But those few moments, the athletic play Sherman made with his team's season on the line and then the interview with Erin Andrews if you can even call it an interview, Andrews doing as well as she could in the heat of a moment like that with two questions, those were the official beginning of the first Super Bowl Week New York has ever had.
Not only does Richard Sherman, who can not only talk as if he never runs out of saliva but also writes a column for my friend Peter King's Monday Morning Quarterback web site (TheMMQB.com), get a stage like Super Bowl Week, he gets it in New York. Where he will be as much an object of media attention as Peyton Manning, or a former Jets coach named Pete Carroll, or a former Giants defensive coordinator named John Fox.
Like him or not, Sherman comes here famous now. He comes here a star of football, because he really is one of the great defensive backs, and showed you that again when Colin Kaepernick went right at him with a trip to the Super Bowl on the line. And he comes here a star of social media and drawing as much attention to himself as possible in a hey-look-at-me culture of modern sports.
Understand something: This is no defense of what he said after the game or the way he acted. Still: If there's a hashtag on this for Sherman on his way to New York for the Super Bowl, it would look something like this:
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What Richard Sherman really will get to do, endlessly, once he arrives in town and faces the media next Tuesday at Media Day at The Rock in Newark, is tell his story. It happens to be a story much longer and much better than just a rant after the NFC Championship game ends up 23-17 for his team because he never let Kaepernick's throw in the right corner of the end zone at CenturyLink Field get to Michael Crabtree.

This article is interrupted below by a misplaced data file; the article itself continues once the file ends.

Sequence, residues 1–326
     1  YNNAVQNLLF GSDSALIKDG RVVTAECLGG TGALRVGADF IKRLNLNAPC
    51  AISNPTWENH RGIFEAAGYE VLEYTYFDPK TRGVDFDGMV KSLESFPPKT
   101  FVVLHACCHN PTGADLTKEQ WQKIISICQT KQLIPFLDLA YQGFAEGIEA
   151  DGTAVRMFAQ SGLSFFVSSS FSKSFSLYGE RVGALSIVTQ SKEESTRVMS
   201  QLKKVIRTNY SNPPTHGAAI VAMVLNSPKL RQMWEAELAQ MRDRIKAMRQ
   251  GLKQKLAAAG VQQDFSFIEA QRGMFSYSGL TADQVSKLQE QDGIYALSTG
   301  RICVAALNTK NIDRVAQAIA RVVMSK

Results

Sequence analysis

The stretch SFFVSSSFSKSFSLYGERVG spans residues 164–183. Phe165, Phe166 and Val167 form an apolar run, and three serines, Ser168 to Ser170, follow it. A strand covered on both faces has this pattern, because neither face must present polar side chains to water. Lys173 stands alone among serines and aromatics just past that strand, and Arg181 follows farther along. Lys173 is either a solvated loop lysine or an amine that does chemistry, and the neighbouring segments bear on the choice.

The irony of Sherman's story, of course, documented in a wonderful piece about him that Lee Jenkins wrote last summer in Sports Illustrated, is that the Seahawks cornerback now this famous for talking trash is the child of a father who drove a garbage truck for a living.
In Lee Jenkins' piece, Richard Sherman talks about seeing a documentary on Muhammad Ali when he was 12.
'He created a persona,' Sherman says of Ali. 'He was a leader, an entertainer, he knew how to break people down in the ring. I didn't really like boxing, but I wanted to be like Ali.'
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Sherman's football story really began at Compton Dominguez High School. He could have gone to USC when Pete Carroll, now his coach in Seattle, was still coaching there and had built one of the storied college programs of all time, at least before the NCAA investigators came calling; before Carroll was on his way to Seattle, his third shot at being a head coach in the NFL.